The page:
Fiber Cable Manufacturer
1-144 cores GYTY53 Double Jacket Direct Buried Optical Fiber Cable
Central strength member
Vary from 7 to 14mm
Direct burial and underground cable networking system
1/2/3km each exporting wooden drums
Learn more about Fiber Optic Cable:
Comparison with electrical transmission
A mobile fiber optic splice lab used to access and splice underground cables
An underground fiber optic splice enclosure opened up
The choice between optical fiber and electrical (or copper) transmission for a particular system is made based on a number of trade-offs. Optical fiber is generally chosen for systems requiring higher bandwidth or spanning longer distances than electrical cabling can accommodate.
The main benefits of fiber are its exceptionally low loss (allowing long distances between amplifiers/repeaters), its absence of ground currents and other parasite signal and power issues common to long parallel electric conductor runs (due to its reliance on light rather than electricity for transmission, and the dielectric nature of fiber optic), and its inherently high data-carrying capacity. Thousands of electrical links would be required to replace a single high bandwidth fiber cable. Another benefit of fibers is that even when run alongside each other for long distances, fiber cables experience effectively no crosstalk, in contrast to some types of electrical transmission lines. Fiber can be installed in areas with high electromagnetic interference (EMI), such as alongside utility lines, power lines, and railroad tracks. Nonmetallic all-dielectric cables are also ideal for areas of high lightning-strike incidence.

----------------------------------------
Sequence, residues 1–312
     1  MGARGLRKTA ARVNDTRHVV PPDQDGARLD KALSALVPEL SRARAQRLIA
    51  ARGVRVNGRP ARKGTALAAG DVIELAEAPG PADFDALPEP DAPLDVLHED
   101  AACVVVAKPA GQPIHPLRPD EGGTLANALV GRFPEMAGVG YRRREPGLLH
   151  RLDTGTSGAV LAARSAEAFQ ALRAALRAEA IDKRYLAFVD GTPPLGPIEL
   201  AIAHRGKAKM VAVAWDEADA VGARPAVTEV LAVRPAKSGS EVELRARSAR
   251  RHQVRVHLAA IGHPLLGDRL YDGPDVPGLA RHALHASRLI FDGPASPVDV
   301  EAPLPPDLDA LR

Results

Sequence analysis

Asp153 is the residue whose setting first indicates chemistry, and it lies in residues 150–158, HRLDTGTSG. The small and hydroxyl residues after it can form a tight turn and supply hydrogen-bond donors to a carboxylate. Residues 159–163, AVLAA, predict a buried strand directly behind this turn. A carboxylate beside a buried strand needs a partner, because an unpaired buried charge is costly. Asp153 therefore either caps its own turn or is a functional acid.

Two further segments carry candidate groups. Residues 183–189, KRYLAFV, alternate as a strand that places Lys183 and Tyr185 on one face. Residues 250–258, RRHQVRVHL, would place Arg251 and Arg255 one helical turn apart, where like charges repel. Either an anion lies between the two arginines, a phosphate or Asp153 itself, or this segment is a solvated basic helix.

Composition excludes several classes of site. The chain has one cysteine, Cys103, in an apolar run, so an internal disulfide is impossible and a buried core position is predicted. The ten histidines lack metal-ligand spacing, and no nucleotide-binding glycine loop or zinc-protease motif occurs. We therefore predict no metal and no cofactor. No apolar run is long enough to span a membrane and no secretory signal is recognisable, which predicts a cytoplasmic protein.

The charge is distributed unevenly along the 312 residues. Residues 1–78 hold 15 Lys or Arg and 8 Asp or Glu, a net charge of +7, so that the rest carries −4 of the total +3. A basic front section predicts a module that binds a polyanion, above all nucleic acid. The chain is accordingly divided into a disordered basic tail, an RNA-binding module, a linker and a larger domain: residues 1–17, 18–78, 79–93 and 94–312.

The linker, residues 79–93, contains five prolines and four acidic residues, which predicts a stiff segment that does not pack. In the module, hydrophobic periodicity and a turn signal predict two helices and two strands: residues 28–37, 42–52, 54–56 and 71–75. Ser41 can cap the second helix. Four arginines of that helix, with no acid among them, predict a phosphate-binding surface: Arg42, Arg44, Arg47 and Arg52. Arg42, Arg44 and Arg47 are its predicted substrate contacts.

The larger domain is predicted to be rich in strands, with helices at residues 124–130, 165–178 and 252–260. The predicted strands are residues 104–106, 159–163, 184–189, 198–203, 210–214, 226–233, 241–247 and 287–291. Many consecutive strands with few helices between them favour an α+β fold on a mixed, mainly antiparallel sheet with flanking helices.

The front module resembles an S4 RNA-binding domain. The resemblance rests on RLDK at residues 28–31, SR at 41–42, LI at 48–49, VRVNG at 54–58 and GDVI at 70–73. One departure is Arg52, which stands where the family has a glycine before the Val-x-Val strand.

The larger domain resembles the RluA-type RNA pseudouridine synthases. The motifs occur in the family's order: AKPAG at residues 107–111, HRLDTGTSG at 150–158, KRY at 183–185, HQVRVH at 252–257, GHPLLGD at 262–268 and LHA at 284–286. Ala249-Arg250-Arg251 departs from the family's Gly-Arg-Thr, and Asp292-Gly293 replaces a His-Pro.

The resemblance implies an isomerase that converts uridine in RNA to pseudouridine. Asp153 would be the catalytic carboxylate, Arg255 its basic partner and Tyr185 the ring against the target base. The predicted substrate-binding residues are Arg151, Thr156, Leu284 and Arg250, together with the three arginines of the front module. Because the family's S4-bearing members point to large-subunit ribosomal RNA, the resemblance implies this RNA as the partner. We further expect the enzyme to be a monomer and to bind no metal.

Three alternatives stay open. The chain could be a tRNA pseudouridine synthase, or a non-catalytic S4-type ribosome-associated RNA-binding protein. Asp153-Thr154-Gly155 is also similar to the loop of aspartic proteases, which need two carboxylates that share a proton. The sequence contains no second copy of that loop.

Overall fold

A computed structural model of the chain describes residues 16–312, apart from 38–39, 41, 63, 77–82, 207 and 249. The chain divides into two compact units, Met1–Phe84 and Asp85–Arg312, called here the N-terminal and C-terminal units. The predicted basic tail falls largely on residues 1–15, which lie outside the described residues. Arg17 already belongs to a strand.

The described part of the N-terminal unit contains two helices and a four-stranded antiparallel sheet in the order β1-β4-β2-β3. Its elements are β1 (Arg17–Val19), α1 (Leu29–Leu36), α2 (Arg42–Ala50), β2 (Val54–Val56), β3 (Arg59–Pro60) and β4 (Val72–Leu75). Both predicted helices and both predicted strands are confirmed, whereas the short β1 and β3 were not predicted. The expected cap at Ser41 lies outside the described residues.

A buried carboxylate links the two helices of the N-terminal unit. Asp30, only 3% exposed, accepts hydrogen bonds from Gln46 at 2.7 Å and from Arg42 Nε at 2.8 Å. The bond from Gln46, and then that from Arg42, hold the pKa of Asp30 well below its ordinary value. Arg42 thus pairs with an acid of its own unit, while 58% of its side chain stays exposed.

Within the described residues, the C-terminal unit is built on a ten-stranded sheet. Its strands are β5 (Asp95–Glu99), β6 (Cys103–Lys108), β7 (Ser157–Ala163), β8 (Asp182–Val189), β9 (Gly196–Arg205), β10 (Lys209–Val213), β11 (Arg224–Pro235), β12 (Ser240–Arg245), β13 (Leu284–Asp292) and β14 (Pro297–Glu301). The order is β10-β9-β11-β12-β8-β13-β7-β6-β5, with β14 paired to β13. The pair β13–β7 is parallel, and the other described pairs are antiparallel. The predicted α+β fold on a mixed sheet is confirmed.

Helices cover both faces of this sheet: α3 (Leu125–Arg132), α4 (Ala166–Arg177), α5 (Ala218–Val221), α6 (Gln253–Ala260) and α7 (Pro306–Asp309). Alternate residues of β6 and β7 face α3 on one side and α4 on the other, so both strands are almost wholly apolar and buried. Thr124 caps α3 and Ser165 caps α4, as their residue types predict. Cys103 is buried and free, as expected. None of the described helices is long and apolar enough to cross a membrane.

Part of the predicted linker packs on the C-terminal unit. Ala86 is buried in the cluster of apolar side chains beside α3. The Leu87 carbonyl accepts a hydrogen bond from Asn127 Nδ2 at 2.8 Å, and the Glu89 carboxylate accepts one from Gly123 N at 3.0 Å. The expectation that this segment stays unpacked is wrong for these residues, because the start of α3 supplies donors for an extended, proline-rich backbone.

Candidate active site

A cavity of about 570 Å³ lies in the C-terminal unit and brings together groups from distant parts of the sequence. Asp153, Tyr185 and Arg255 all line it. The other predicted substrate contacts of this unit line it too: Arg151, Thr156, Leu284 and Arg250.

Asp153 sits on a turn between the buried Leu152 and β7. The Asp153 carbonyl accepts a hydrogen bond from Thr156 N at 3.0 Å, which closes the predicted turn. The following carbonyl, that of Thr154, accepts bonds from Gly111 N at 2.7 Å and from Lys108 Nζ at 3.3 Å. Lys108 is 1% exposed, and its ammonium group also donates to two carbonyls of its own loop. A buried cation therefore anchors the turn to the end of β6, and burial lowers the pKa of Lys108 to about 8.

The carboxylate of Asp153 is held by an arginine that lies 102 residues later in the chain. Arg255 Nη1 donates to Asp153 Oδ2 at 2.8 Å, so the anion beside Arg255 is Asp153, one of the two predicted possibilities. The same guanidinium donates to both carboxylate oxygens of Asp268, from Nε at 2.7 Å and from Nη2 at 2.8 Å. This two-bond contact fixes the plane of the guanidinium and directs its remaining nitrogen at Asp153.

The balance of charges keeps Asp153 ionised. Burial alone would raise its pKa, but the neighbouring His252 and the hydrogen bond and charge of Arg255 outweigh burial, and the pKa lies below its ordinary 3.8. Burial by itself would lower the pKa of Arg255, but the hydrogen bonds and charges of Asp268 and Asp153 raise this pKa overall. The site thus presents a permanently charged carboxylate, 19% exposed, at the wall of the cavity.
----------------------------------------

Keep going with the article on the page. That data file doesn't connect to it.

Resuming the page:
For comparison, while single-line, voice-grade copper systems longer than a couple of kilometers require in-line signal repeaters for satisfactory performance; it is not unusual for optical systems to go over 100 kilometers (62 mi), with no active or passive processing. Single-mode fiber cables are commonly available in 12 km lengths, minimizing the number of splices required over a long cable run. Multi-mode fiber is available in lengths up to 4 km, although industrial standards only mandate 2 km unbroken runs.